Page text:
If you don’t keep track of your dotfiles with Git, you should. It’s easy to do, and it saves a lot of time when setting up a new computer. Plus, you can go back to past configurations quickly.
In case you don’t know what dotfiles are and yet somehow found this post,
dotfiles are “hidden” files that don’t show up in a normal directory listing.
Often, the term dotfiles refers to those files that are not only hidden, but
also store configuration for various applications that you use on a daily
basis. For example,
~/.vimrc is a file in the home directory that stores
Suppose you have two dotfiles that you care about:
$ ls -a ~ . .. .bashrc .vimrc
In reality, there would be many more files here. Also, configuration files
don’t have to end in
rc; they just all happen to in this example.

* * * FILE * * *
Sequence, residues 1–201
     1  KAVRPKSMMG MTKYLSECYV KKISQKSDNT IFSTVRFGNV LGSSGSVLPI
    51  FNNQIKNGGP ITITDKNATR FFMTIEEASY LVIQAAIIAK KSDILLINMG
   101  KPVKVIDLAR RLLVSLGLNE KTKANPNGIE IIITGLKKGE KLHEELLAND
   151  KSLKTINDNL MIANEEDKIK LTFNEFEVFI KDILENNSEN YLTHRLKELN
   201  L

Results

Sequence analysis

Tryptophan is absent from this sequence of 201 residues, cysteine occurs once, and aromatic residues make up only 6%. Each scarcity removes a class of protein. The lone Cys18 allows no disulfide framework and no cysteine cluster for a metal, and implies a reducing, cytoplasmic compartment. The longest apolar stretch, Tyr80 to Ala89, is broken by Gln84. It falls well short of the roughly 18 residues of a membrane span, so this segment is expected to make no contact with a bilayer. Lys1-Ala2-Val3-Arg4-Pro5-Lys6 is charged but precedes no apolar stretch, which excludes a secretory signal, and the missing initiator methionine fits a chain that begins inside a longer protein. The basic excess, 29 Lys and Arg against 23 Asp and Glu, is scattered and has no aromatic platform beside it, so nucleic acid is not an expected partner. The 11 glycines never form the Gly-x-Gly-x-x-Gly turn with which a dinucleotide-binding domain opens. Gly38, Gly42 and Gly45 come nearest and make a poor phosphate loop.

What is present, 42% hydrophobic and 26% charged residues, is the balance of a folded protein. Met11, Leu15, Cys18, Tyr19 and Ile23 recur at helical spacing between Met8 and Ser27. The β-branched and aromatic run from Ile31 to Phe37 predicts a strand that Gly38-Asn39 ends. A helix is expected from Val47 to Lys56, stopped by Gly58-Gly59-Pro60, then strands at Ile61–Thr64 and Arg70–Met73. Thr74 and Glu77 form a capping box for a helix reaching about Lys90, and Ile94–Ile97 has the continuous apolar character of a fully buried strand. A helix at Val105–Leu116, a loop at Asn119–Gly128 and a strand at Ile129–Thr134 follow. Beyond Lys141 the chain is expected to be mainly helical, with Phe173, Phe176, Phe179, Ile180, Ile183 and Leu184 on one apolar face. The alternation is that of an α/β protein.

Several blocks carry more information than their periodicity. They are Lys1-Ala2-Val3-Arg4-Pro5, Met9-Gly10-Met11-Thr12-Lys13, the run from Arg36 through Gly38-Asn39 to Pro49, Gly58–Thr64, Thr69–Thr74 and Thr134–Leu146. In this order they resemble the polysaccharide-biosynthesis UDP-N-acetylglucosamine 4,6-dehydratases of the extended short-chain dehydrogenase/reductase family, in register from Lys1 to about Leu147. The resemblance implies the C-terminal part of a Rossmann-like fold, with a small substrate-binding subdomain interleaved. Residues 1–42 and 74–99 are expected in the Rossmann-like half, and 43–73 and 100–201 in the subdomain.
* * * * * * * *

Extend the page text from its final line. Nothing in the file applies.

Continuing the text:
First, create a new directory called
dotfiles and run
git init inside it.
$ mkdir dotfiles $ cd dotfiles $ git init
Go back to the home directory, and move your dotfiles to
$ cd .. $ mv .bashrc .vimrc dotfiles/
Since these files are no longer in the location where the programs expect them to be, the programs might not know where to look. We can fix this using a symlink, or symbolic link. This is like a “shortcut” to the file. The “shortcut” will be in the home directory, and it will point to the real file. You can edit either one, and git will pick up the modifications.
$ ln -s /home/user/dotfiles/.bashrc /home/user/ $ ln -s /home/user/dotfiles/.vimrc /home/user/
ln command creates a link between files, and the
-s option tells it to
make a symbolic link rather than a hard link. I used absolute paths here for
clarity, but relative paths work as well.
That’s it. This basic setup will help you store your configurations and keep track of changes to them. You can even create scripts to do the linking for you when you drop your files onto a fresh OS, but that’s left as an exercise for the reader.